The geometry and kinematics of river dunes were studied in a reach of the Calamus River, Nebraska. During day-long surveys, dune height, length, steepness, migration rate, creation and destruction were measured concurrently with bedload transport rate, flow depth, flow velocity and bed shear stress. Within a survey, individual dune heights, lengths and migration rates were highly variable, associated with their three-dimensional geometry and changes in their shape through time. Notwithstanding this variability, there were discernible changes in mean dune height, length and migration rate in response to changing discharge over several days. Changes in mean dune height and length lagged only slightly behind changes in discharge. Therefore, during periods of both steady and unsteady flow, mean dune lengths were quite close to equilibrium values predicted by theoretical models. Mean dune steepnesses were also similar to predicted equilibrium values, except during high, falling flows when the steepness was above that predicted.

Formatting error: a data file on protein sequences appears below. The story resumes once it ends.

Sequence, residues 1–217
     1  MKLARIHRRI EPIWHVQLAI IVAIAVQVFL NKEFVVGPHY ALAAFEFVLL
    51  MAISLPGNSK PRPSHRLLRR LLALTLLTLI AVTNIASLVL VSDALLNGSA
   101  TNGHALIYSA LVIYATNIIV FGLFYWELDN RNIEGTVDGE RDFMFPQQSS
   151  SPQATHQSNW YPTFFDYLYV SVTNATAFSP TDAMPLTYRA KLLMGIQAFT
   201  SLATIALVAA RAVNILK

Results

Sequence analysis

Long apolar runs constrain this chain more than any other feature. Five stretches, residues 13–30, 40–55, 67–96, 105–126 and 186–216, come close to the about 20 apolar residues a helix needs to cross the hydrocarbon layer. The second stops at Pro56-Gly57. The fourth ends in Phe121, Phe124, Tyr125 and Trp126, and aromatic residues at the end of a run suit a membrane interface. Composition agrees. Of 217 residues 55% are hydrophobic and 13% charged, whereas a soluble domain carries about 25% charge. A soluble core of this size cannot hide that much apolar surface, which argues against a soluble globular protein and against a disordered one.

Variations in mean dune height and length with discharge are similar to those predicted by theory under conditions of low mean dune excursion and discharge variation with a short high water period and long low water period. However, the calculated rates of change of height of individual dunes vary considerably from those measured. Rates of dune creation and destruction were unrelated to discharge variations, contrary to previous results. Instead, creations and destructions were apparently the result of local variations in bed shear stress and sediment transport rate.

Observed changes in dune height during unsteady flows agree with theory fairly well at low bed shear stresses, but not at higher bed shear stresses when suspended sediment transport is significant.